More often than not, people responded in Spanish. Many said they’d already registered to vote, while others paused and reached for the clipboard, saying they needed to update their address.
Chapa signed up another Puerto Rican on the day she opened the federation’s field office. David Serrano, a 49-year-old laborer, grinned when asked about Trump while filling out his change of address form.
“I hate people who hate people,” he said. “He’s not my type of person.”
He said he will be voting in the 2020 election, and Chapa pointed out that he was registered as NPA — no party affiliation, which means that because Florida’s a closed primary state, he won’t be able to vote in the primary unless he changes his party affiliation. NPA voters can cast ballots in the general election.
Serrano said he’d deal with it later and walked off.
According to the Florida Secretary of State, there were about 107,600 newly registered Hispanic voters in 2019. A majority — 46 percent — were registered as NPA. Thirty-three percent registered as Democrats, and 18% as Republicans.
Chapa is concerned about those voters; she said she sees lots of Puerto Ricans registering as NPAs, which means predicting which way those voters will lean in a hotly contested year is virtually impossible.
“They can’t fully participate in the process,” she said, shaking her head. “That affects the election.”
Maria Morales, a 56-year-old teacher, was one of those who changed her address with Chapa. Morales recently moved from Orlando to the small Polk County community of Davenport. She’s Puerto Rican, and came to the mainland four years ago. When she speaks of the hurricane and what her grown son went through in the aftermath, her voice cracks.
“He said, Mom, get me out of here,” she recounted. Many settled in Florida, including Morales’ son.
When asked about Trump’s handling of the hurricane — he was highly critical of Puerto Rico’s government, saying it was corrupt — and whether it would affect her vote in 2020, Morales shrugged.
“I really don’t know yet,” she said.
Morales voted for Trump in 2016, and thinks he’s done a good job with the economy. She also “kind of agrees with him” on the issue of Puerto Rican corruption. However, she’s open to voting for a Democratic candidate. Trouble is, she can’t quite identify who’s who in the crowded field.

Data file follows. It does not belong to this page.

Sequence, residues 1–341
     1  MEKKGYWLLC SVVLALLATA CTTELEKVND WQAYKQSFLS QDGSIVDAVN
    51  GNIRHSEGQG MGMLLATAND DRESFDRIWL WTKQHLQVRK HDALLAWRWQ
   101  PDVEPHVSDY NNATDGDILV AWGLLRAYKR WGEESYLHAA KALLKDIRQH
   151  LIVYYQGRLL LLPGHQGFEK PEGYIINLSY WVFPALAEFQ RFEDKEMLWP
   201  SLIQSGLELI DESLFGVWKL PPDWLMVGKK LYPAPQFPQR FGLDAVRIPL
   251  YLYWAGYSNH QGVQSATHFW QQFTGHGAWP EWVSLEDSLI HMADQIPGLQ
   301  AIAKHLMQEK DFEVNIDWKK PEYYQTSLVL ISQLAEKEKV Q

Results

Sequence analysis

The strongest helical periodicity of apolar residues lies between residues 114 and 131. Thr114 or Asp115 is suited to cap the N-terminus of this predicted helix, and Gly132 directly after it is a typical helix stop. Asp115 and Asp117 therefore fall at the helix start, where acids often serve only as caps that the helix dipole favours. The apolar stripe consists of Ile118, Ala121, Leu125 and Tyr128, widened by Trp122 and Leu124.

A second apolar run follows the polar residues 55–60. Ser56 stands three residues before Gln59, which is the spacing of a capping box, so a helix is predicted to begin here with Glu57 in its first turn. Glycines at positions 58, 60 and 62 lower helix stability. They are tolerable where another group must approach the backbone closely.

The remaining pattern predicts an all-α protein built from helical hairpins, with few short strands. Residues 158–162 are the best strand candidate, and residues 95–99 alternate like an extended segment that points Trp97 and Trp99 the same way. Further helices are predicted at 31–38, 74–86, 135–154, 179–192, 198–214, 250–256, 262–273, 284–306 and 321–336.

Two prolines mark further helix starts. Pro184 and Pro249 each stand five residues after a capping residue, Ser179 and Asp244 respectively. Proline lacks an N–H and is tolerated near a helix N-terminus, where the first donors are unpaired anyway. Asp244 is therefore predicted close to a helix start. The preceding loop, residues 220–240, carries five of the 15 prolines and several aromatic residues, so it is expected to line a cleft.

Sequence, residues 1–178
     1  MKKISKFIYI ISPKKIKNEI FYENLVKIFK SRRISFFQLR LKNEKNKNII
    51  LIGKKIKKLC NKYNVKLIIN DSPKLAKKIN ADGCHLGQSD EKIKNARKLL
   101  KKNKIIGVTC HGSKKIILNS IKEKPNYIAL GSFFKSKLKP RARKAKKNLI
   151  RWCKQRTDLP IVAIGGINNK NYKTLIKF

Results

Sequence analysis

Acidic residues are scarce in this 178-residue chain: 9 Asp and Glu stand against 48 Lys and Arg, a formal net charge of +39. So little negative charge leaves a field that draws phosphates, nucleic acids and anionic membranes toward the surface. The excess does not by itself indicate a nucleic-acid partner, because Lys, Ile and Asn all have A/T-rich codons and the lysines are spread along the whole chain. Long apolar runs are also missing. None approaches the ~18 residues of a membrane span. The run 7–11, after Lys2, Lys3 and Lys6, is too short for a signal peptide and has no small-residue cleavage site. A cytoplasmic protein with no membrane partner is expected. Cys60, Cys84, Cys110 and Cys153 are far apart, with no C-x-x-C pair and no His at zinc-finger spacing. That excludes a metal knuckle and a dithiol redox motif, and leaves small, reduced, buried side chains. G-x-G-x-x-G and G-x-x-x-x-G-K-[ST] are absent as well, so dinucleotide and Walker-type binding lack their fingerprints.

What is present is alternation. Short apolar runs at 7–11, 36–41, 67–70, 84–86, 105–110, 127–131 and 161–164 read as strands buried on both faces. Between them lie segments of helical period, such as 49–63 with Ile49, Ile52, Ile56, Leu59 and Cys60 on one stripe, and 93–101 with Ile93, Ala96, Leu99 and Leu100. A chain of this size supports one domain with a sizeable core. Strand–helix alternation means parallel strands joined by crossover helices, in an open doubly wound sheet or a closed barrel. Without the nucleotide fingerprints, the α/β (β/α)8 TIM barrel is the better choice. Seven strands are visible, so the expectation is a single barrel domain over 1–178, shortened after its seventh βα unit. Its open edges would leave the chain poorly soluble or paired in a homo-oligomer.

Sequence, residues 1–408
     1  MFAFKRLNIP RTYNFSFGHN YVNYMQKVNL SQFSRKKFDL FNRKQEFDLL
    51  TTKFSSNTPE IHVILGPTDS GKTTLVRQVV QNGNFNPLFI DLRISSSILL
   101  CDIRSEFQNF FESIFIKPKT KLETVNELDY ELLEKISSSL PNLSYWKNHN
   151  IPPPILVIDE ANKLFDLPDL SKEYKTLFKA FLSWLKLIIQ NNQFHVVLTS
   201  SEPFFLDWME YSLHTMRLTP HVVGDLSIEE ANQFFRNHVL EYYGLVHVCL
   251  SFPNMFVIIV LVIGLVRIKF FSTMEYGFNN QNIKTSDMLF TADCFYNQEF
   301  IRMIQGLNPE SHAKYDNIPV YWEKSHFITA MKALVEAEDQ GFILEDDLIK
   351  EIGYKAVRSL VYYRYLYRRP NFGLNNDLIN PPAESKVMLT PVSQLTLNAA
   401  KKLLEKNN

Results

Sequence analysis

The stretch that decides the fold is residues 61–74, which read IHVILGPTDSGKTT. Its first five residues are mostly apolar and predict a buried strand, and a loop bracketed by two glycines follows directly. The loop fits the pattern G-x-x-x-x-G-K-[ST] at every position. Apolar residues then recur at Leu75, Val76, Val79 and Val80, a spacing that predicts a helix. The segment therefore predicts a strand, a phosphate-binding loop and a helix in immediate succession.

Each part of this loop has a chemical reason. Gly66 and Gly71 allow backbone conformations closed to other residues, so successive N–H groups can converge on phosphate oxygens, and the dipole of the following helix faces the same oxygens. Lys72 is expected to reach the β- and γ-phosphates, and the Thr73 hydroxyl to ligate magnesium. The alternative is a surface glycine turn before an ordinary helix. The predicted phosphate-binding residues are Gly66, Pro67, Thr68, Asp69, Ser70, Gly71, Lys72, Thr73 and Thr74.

“Biden?” she mused. “Is that the old man with the gray hair?”
Florida Democrats have vowed to register 200,000 voters before the 2020 primary, and said in March that they would spend $2 million on the effort. Former gubernatorial candidate Andrew Gillum, a Democrat, created a new group called Bring It Home Florida, and aims to register a million voters.
It’s unclear how much Republicans will spend on vote-getting efforts. But according to the Florida Division of Elections, between January and September 2019 (the latest month data is available), Republicans registered a net 23,084 new voters in the state, compared to 10,731 Democrats.
Daniel Smith, the chairman of the political science department at the University of Florida, said there have been some key differences in Puerto Rican voting patterns compared to other Hispanic groups.
Compared with other Hispanic groups in Florida, Puerto Ricans have weaker voter turnout. He analyzed Florida precincts that had at least 100 Puerto Rican-born registered voters who voted in the 2016 general election.
Of the more than 180,000 Puerto Rican-born voters in his database, only 112,000 of them, or 62%, voted in 2016 — a far lower rate than Cuban born voters, he said. That same year, 242,000 of the 325,000 Cuban-born naturalized citizens in his database turned out to vote — a roughly 75% turnout.
In 2018, Puerto Ricans voter turnout was soft, which distressed Democrats.
Former Gov. Rick Scott ran for Senate in that year. He visited the island multiple times after Maria, and his careful attention to the island seemed to pay off. Analysis of some heavily Puerto Rican precincts in Osceola County showed that Scott secured hundreds more votes than fellow GOP candidate Ron DeSantis, who was running for governor the same year.
Said Chapa: “Hispanic voters are not a monolith. We’re not all Democrats.”